Any One Judge Can Overrule Others, Including Appellate court of appeals
WASHINGTON, D.C. (January 04, 2019) – Today’s Court of Appeals decision, holding that a lower court erred in blocking President Donald Trump’s restrictions on transgender men and women serving in the military, is being widely hailed as a major victory for him, but it also is a dramatic illustration of a problem with our court system, and of the problems which likely lie ahead for him, says public interest law professor John Banzhaf.
The unanimous decision – by three judges on this appellate court – that the restrictions should go into effect will have no immediate effect because a few lower court judges have temporarily prevented the administration from implementing its policy.
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And even if all but one of those judges are reversed by their own court of appeals, the result will remain the same, says Banzhaf, because any one judge in the U.S. can block virtually any new administration policy from going into effect, even if every other circuit rules in favor of it.
The effect of this practice, and the damage it can and has caused, is magnified under another policy which permits groups dissatisfied with a presidential decision to seek out, from among the more than six hundred federal district judges, the one likely to be most sympathetic to their cause.
In other words, explains Banzhaf, under the current system, opponents of a new presidential policy can "forum shop," and pick a judge and/or a circuit most likely to be sympathetic to their position, and obtain a court order putting the policy on hold for a considerable period of time throughout the entire country.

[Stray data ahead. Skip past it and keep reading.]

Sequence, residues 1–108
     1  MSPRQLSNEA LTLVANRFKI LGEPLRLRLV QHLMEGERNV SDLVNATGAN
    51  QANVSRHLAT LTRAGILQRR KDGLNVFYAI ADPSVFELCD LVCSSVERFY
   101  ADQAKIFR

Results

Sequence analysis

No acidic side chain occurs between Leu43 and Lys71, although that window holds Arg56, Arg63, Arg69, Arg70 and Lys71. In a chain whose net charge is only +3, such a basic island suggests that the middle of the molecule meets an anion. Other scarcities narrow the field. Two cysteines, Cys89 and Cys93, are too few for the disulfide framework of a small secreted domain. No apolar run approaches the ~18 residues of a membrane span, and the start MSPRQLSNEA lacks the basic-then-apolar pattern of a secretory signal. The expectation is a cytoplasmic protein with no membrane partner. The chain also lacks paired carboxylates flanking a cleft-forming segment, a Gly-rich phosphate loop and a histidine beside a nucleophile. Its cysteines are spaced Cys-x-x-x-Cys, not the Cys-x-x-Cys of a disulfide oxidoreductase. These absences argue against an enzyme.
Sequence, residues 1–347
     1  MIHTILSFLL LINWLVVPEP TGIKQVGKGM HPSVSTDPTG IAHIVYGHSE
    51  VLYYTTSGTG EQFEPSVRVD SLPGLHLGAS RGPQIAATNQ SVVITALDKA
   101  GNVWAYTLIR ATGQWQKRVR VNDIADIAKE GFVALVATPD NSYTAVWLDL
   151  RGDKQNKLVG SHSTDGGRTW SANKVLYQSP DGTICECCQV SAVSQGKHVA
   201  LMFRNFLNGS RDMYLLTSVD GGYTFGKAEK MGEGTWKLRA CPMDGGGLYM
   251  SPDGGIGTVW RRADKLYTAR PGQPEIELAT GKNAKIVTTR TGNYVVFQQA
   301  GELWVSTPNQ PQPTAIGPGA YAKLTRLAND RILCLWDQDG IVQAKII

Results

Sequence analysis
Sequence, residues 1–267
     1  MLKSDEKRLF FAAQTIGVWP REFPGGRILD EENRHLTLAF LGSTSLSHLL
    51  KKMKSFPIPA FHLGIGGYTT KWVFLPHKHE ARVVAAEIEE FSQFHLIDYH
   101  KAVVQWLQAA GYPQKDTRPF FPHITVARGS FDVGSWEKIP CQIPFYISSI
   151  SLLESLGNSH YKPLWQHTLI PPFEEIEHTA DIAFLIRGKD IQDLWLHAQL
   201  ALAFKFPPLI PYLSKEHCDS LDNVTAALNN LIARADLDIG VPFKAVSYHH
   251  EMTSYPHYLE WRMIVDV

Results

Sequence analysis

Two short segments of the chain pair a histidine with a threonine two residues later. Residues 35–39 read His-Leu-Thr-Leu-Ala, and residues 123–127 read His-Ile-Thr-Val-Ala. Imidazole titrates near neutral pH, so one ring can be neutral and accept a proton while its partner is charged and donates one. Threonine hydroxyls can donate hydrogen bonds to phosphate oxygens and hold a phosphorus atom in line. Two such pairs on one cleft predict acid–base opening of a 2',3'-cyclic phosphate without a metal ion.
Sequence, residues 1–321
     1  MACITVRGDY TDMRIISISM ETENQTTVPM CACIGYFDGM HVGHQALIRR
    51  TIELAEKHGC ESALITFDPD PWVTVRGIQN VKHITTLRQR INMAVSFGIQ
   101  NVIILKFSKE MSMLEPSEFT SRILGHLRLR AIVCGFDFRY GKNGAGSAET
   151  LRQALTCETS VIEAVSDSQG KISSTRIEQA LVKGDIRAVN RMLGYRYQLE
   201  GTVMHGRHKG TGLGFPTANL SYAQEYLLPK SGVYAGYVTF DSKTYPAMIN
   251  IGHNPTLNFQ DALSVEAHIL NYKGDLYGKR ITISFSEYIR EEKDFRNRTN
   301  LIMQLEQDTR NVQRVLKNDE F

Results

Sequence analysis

Moreover, that judicial hold will remain in place even if many other judges determine that the new policy is perfectly legal, since a dozen judges - even those on courts of appeals - refusing to issue an injunction do not trump a single national injunction issued by the individual judge most sympathetic to the plaintiffs' cause.
One solution, suggests Banzhaf, would be to permit the issuance of nation-wide injunctions not by any one judge, but rather only by a three-judge district court similar to that used in several apportionment cases under 28 U.S. Code § 2284.
Another would be to prevent any national injunction issued by a single judge from going into effect until it is upheld by a circuit court.
Either change would prevent a single judge, who may be far from the mainstream in his judicial thinking, from single handedly stopping a major new federal policy dead in its tracks.
It would also be consistent with the common sense idea that, at least where possible, important decisions should not be entrusted to only one person, but rather should be made collaboratively after judges have had to explain and justify their views to their judicial appeals.
Yet this is what has happened often to Trump, with so many of his initiatives almost instantly being put on hold because one judge disagrees - as happened, for example, with his immigration policy, his sanctuary cities policy, and many others.
So today's win for Trump changes nothing, but does provide a further illustration of an ever emerging problem, as more judges are being persuaded to issue national injunctions.
http://banzhaf.net/ jbanzhaf3ATgmail.com @profbanzhaf